The Embodied Narrator in How the Word is Passed: A Reckoning with the History of Slavery Across America

cover of How the Word is Passed by Clint Smith in a side by side series

“I’ve come to believe that there’s a difference between history and nostalgia, and somewhere between these two is memory.” So says David, a tour guide at Thomas Jefferson’s Monticello plantation, to Clint Smith in How the Word is Passed: A Reckoning with the History of Slavery Across America, out tomorrow. Smith’s book is an examination of memory through an examination of sites that represent our country’s collective memory of slavery—which tend towards one of the two ends of the scale David presents in the book’s first chapter. As Smith visits historical sites across the country with some relationship to slavery (as well as one site in Senegal), he makes an important and effective call for us to examine how it is we remember our past, and how central our historical memory is to our existence today.

Smith is present as an embodied narrator throughout the book’s seven chapters, each of which tells of a visit to a historical site that demonstrates the ways we reckon (or fail to reckon) with our country’s slaveholding past. The story of his visit to each site weaves in and out of each chapter, alongside a larger telling of the historical narrative the site represents, aided by the work of public scholars who have elucidated that history, which grounds Smith’s experiences in each site’s broader historical context. The resulting text drives Smith’s arguments home in ways that a traditional work of history could never do—as an embodied narrator, Smith allows us to see just how present slavery’s legacies remain, how horrifying our history is, and how active our wars for a truthful telling of our history are.

Smith’s presence at each site enables the reader to wrestle with both the history the site represents, as well as with the afterlives of that history. When Smith visits Blandford Cemetery in Petersburg, Virginia, for example, the reader doesn’t just get a history of the Sons of Confederate Veterans, or a history of money devoted to commemorating soldiers who fought to preserve the institution of slavery (though we do get both of those things). The reader also gets a vision of the site’s existence today: we see the lawnmowers snaking through the cemetery, “their vibrating bodies held by Black men steering them in between tombstones draped in Confederate flags.” Later in the same chapter, as Smith recounts what he experienced at a Sons of Confederate Veterans gathering at the cemetery, we’re able to see the distortions of history possible at such a site, the way memory can tend more towards nostalgia than history—“a fantasy about the past using no facts,” as David further defines the term.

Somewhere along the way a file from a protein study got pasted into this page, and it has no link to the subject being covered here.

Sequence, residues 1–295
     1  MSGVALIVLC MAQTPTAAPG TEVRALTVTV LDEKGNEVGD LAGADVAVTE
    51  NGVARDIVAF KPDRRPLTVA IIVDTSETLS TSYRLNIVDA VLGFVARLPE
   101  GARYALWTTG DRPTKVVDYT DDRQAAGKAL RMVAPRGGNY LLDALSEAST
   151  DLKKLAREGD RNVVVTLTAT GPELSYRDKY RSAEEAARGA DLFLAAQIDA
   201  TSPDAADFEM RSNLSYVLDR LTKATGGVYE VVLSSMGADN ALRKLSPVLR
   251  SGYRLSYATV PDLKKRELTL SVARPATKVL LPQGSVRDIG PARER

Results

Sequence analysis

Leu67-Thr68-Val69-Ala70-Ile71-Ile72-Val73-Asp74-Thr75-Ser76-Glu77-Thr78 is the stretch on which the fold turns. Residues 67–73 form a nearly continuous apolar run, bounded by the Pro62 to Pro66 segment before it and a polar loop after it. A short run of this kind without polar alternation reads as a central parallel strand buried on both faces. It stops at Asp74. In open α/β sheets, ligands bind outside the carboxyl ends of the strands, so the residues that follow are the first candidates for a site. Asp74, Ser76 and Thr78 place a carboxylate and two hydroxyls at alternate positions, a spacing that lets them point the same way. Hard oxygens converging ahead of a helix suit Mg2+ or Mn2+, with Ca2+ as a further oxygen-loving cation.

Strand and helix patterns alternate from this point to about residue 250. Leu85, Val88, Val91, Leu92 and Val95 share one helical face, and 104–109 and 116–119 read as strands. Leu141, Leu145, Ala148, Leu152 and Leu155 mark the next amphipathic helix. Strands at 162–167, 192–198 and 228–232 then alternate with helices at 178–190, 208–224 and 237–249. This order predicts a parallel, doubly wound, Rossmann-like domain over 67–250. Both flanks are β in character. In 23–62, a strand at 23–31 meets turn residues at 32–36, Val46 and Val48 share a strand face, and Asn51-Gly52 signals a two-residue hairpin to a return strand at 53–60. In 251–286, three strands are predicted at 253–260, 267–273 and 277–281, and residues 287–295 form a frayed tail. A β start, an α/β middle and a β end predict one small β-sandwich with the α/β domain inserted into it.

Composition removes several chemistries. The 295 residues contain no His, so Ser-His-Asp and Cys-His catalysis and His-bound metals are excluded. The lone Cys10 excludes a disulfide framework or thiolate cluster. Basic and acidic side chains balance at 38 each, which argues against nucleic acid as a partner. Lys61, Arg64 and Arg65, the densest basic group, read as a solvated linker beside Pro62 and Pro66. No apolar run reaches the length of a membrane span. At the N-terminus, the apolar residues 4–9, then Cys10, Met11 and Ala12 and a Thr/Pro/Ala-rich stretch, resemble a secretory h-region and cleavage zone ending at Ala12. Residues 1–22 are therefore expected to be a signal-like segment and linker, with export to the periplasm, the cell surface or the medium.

Smith’s presence at each site also gives him the opportunity to reflect on who the site is presenting towards—who it imagines as its audience, and who that leaves out. When he visits Monticello, Smith notices that the vast majority of the visitors are white, commenting, “It’s not so much unexpected as it is markedly conspicuous, to see a plantation that has had its ratios reversed.” The way we collectively remember slavery and the sites related to it creates this reality, in some cases making comfortable those who should feel challenged and humbled by such a history. As Smith reflects later after a conversation on the history of the racial makeup of the tour guides at Monticello: “What would motivate a Black family to come spend the day at a plantation if they were concerned about how the story of that land would be told, what kind of people would be standing alongside them as it was told, and who was telling it?”

Smith’s narrative presence also allows the reader to meet those tasked with telling these stories: a tour guide recounting the history of slavery in New York City, an assistant warden at Louisiana’s Angola Prison tasked with leading public tours, and the coordinator of an annual Juneteenth celebration, to name just a few. There’s a real generosity in the way Smith narrates his interactions with these tellers of history; where he can, he brings them to visceral, full life. Smith often spends entire paragraphs describing what they were wearing on the day he visited, or creating a picture of their face and distinctive mannerisms for the reader. Smith is also intentional about providing space for their words, quoting them at great length throughout the book, passing the mic along so the reader can be present with these history-tellers. It’s a very effective technique in examining who tells our collective stories, how we tell those stories, and why that matters.